Even more worrisome: at the bottom of the contract, in very fine print, there may be a clause that permits the technology provider to modify the terms of how it uses the data collected at any time. While this sounds like a far-fetched conspiracy theory, consider that AncestryDNA did exactly this to its customers. It’s also not unreasonable to foresee that schools might determine that there is an efficiency advantage to linking school lunch purchases to food inventory needs. This kind of statistical data may seem innocuous at first, but remember that all of it is permanently tied back to our children’s identity.
As consumers and technology users, we routinely provide corporations with information about our purchasing habits. When we do, it’s typically by using email and a password or by connecting to our Facebook page. By using biometrics at the point of sale in the school cafeteria, we are permitting our children’s lunch purchases to be linked to them, specifically, as opposed to that data being linked to a disposable or replaceable identifier such as an email address.
We simply can’t be sure how the data collected might be used in the future. Once data is associated to our children’s fingerprints, there’s not much that can be done if laws change or information is stolen.
Your child might learn less
Data security is a huge concern. However, of even bigger concern are the opportunities to learn social and problem-solving skills that our children lose when their lunch purchases are automated. Using biometrics in the cafeteria deprives our children of opportunities to develop skills they’ll need for the rest of their lives.
Many of our students already use PINs and meal cards for buying lunch. When our children buy their lunch, they learn how to make a purchase appropriately by waiting their turn, moving their food safely down the lunch line, and then completing the transaction by interacting with the adult who takes their payment. They also have an opportunity to practice their manners in during social interactions.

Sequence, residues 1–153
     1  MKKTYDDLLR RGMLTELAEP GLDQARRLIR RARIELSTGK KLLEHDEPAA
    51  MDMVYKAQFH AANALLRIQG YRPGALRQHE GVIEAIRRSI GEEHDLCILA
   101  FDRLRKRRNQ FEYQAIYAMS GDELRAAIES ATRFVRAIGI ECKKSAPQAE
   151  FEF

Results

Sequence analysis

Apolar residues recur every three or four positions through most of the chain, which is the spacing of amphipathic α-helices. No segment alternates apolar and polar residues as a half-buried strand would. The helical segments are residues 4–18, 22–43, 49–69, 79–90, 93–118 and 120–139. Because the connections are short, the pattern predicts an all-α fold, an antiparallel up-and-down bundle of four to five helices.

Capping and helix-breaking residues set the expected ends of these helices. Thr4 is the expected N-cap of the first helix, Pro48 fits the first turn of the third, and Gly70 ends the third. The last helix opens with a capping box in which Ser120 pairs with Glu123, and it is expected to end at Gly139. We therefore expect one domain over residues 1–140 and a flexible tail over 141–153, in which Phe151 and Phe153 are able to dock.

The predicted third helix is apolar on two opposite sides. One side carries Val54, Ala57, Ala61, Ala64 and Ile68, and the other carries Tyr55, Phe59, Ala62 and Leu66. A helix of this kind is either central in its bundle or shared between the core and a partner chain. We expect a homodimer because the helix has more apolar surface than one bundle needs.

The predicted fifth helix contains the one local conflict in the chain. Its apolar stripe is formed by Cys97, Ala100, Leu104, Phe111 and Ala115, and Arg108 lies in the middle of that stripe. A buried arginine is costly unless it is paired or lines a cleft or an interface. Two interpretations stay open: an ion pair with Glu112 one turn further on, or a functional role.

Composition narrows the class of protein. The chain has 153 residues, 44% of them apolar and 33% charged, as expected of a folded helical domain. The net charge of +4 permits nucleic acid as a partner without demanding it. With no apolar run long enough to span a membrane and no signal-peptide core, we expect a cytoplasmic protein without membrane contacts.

Throughout their lives, our children will be required to keep track of their belongings and memorize small pieces of information. Keeping their lunch card safe or memorizing a PIN is a low-risk way to begin teaching those skills. When our child loses her card or forgets her PIN, she’ll learn problem-solving skills such as figuring out who to ask for help. Or, to use an example provided by Bayometrics, he may learn how to handle a bully who’s trying to steal his lunch money. We need to let our children try and fail. Making mistakes is the key to learning and developing resiliency.
In an increasingly digital world, teaching our children how to manage their personal information safely is an important job.
If this concerns you, here’s what to do
If you’re concerned about your school’s use of biometric technology, there are a few important things you can do.
- Familiarize yourself with the data privacy laws in your state.
- If you can, start attending school board meetings. If you can’t be there in person, meeting minutes are typically posted online or available by email. It’s always a good idea to stay abreast of school board goings-on, and with the rapid increase in technology use it’s doubly important.
- If the school board has biometric technology on their agenda, write letters to your school board members and speak up at the meeting. Encourage other parents to join you.
- If your school district is already on the path to bringing biometric technology into the district, request a copy of the contract and read it closely. The district may not want to provide a copy of the contract to you, so you may need to learn how to request public records in your state.
- During school board election season, ask your candidates where they stand on biometric technology.
Don’t ever be afraid to advocate for your child by speaking up, writing letters, or making phone calls. If you have concerns about the use of your child’s biometric data, there is nothing wrong with being that parent and opting out of its use.